Caught in the Web: An Internet Addict's Story
(page 2)Pauline recalls her feeling of wanting desperately to go online, “and frustration with where you are and what you’re doing—a rushing feeling of frustration that’s released by using the Internet.” And yet, those six months in which she was on the wagon with respect to the web were some of the best months of her life since she first logged onto that BBS board.
“It’s hard to explain how much clearer everything is when you’re not on the Internet all the time,” she wrote on a website (more on that in a minute). “But it made my life better in every part. Not just work, but in my social life, my love life, my experience of the world. I even slept better—not just longer, but better.”
And although Pauline wasn’t religious, and in fact more or less still considers herself to be an atheist, she found praying to be relieved from her addiction both moving and useful. “I remember feeling a huge sense of relief and gratitude,” she said. “And there was definitely some astonishment that after a few days I had still managed to not go on the Internet.”
But, as with many addicts, Pauline suffered a relapse, losing countless hours to blogs, online games and instant-messaging. She had a theory why. “Everything I knew about AA sort of pointed to the fact that it didn’t really work unless you kept going to meetings,” Pauline said. “Then I found myself having problems and I started thinking it was because I was missing that element of 12-step programs.”
So in 2008 she decided to start an Internet Addicts Anonymous group. She spoke to her friend about the format, and about what the meeting should look like. She rewrote the 12 steps and AA “meeting scripts” that her friend shared with her to address Internet addiction.
Ironically enough, she created a website that she hoped problem users would find, wherein she wrote about Internet Addicts Anonymous, Internet addiction and her own story. And finally, she booked a room at an LGBT community center where other 12-step meetings were held—and hoped someone would show up.
A few people did, but not many. The largest meeting Pauline ever had was four people, and she only held around 10 meetings before she dissolved the group—basically because there were not enough repeat visitors to really get it to snowball.
Although Pauline wasn’t religious, she found praying to be relieved from her addiction both moving and useful. “I remember feeling a huge sense of relief and gratitude,” she said. “And there was definitely some astonishment that after a few days I had still managed to not go on the Internet.”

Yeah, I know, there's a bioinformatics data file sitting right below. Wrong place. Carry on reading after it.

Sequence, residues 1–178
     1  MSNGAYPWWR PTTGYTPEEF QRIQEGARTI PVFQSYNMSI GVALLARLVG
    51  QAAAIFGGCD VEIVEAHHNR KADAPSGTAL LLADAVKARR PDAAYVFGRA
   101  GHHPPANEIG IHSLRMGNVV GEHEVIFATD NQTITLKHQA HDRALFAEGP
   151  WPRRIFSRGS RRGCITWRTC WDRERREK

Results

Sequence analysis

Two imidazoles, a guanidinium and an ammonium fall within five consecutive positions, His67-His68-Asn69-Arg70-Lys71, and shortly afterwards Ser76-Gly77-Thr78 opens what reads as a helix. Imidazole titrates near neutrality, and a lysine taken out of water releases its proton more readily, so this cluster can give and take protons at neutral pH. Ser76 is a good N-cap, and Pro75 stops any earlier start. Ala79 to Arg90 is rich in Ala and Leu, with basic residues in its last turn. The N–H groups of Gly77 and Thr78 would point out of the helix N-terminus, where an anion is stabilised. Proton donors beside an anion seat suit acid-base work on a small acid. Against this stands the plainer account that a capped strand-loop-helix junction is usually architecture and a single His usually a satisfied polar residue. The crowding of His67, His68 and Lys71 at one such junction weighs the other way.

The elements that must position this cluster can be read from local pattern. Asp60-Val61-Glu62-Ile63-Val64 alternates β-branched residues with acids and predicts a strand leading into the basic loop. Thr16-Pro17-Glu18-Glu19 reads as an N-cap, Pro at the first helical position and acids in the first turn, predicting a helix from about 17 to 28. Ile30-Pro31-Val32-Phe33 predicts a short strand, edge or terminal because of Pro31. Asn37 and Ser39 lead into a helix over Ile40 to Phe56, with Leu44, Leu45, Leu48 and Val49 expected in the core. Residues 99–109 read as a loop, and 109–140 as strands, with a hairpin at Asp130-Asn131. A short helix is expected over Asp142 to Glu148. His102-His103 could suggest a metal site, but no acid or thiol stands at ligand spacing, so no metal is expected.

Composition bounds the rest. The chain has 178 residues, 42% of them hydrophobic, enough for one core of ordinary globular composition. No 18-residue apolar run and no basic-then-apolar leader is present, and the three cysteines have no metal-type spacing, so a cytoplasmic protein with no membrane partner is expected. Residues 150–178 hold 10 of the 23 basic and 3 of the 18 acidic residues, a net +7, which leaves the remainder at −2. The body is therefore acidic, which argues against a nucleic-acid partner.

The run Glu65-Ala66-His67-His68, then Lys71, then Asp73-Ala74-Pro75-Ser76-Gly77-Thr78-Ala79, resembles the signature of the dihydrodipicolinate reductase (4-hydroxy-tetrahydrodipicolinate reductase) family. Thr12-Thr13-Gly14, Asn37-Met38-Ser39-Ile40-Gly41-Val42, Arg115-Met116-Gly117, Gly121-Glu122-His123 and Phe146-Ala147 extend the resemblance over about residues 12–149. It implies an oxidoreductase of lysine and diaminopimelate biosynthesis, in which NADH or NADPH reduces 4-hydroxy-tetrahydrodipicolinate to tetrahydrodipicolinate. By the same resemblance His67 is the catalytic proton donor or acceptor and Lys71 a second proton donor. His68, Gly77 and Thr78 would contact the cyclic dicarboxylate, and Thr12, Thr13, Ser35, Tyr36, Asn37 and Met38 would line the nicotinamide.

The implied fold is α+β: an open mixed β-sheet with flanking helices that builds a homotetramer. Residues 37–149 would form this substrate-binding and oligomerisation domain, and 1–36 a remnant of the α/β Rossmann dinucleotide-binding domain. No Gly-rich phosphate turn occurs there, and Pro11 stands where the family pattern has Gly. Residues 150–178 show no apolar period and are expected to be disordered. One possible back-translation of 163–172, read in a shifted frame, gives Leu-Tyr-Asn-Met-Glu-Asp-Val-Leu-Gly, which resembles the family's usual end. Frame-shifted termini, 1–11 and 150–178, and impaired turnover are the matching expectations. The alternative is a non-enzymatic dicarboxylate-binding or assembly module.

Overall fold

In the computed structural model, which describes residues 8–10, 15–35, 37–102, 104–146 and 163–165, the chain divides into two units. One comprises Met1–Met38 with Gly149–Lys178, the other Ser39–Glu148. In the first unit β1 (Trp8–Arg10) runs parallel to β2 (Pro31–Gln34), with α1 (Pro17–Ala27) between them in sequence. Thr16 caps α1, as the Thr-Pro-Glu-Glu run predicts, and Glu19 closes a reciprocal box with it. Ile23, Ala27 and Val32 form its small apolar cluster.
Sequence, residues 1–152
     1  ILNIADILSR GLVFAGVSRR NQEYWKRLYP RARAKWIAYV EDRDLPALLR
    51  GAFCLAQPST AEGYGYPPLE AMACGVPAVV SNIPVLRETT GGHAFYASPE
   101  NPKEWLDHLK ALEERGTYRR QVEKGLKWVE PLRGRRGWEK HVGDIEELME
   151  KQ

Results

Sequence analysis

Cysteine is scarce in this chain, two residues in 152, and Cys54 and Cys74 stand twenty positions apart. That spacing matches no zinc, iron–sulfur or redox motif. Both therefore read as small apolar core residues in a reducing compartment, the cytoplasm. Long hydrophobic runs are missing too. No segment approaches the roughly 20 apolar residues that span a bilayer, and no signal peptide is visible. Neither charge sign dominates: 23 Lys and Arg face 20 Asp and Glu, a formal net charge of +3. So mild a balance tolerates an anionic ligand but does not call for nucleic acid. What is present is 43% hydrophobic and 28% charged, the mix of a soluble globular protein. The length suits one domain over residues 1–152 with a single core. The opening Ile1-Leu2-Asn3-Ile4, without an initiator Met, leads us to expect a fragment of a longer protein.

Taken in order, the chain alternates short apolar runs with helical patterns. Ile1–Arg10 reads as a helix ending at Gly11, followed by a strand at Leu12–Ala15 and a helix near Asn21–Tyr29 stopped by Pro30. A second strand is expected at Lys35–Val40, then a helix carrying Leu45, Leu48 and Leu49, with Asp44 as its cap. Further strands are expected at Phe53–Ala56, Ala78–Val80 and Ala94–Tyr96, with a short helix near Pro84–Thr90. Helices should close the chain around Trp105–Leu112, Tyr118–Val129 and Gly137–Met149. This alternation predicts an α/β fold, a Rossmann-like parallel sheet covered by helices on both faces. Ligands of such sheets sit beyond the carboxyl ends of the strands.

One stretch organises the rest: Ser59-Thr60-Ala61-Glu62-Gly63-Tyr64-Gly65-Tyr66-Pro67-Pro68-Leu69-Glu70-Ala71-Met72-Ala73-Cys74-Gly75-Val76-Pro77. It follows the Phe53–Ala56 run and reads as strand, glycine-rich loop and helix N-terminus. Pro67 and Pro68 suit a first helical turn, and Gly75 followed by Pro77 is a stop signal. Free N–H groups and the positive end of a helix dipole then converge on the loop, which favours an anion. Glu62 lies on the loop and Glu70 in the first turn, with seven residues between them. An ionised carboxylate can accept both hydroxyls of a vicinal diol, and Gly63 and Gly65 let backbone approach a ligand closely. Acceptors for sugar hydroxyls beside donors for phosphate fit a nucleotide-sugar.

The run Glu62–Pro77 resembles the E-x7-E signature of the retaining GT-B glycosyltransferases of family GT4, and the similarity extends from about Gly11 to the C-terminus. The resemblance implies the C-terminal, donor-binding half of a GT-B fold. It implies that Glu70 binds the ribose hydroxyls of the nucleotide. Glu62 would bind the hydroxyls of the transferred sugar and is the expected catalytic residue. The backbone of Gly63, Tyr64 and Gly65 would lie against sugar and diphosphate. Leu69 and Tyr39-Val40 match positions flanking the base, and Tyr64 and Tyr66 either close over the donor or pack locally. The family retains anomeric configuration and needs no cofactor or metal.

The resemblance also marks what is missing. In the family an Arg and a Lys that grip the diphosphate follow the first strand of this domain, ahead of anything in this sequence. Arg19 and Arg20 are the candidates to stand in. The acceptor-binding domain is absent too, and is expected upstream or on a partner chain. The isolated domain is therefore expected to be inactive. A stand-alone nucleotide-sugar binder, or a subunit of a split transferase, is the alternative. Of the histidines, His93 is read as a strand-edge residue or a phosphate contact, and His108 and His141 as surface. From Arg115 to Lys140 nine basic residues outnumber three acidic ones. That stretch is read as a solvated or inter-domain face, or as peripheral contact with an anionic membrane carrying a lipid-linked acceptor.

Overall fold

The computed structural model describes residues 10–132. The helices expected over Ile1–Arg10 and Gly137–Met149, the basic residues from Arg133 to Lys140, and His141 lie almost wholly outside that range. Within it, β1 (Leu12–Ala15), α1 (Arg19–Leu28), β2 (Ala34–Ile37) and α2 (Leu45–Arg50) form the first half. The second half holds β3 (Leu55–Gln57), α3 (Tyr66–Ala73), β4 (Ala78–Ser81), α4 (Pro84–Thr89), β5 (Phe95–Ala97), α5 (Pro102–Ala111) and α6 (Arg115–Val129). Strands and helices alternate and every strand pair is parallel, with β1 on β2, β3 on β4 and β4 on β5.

Further complicating the matter was that the people who attended did so for wildly disparate reasons. Some had issues with sex-chatting online, some were addicted to pornography and some struggled with an addiction to their BlackBerry or Palm Pilot. A few who attended were also members of Sex Addicts Anonymous, who impressed Pauline with their rigorousness with respect to recovery.
When she was setting up the meeting, Pauline borrowed a technique from Overeaters Anonymous, wherein members would have a set list of things they could do on the Internet—and anything else was off-limits. “It didn’t seem reasonable that people would stop using the Internet altogether because of all the stuff nowadays that requires it,” she said.
Even though the Internet Addicts Anonymous group didn’t last for long, it helped Pauline while it did, in terms of accountability. And even now, four years later—due to the IAA website that Pauline set up, and never closed down—she still gets an email every now and then, with people asking if there’s going to be a meeting, and telling her that they are really struggling.
As for Pauline, her daily struggle with the Internet has subsided somewhat, yet she still is aware of her susceptibility to its repetitive, frustration-relieving call. After the IAA meetings wound down, she found a new, more engaging job, which led her to believe that she could manage and regulate her Internet use on her own.
Later on, Pauline left New York City for graduate school, meaning that she no longer works in an office, which makes a big difference—to some extent. But the problem is still there, under the surface. For example, she said, “Just weeks ago I discovered this game on Facebook that I started to play a lot, and staying up late to play it and not doing homework, so I had to delete it.”
The gravitational pull that these online games, and the Internet in general, still have for Pauline may sound familiar to a recovering—or active—alcoholic or drug addict. The game, which is called Ravenskye City, is just “so stupid,” Pauline said.
“You’re just building a little village in the sky, and you’re doing the same thing—it’s repetitive—and I used up an entire Saturday on that. And I had to go study for a test … and I would just say that I’ll play until the next round, or wait until the next thing happens, and it’s horrible. You sort of come out of it four hours later and once you stand up and walk away you’re like, ‘Oh—I could have done that hours ago, why didn’t I?’”
Pauline is quick to admit that she should not be the poster child for a fully recovered Internet addict. “I do feel like I have it under control now,” she said. “I’m self-aware enough not to say that I’m cured, but it doesn’t feel unmanageable—except for last week when I played that game.”
She added: “I think if I was in an office, I would not be able to handle it.”
Hunter R. Slaton is the Rehab Review Editor for The Fix.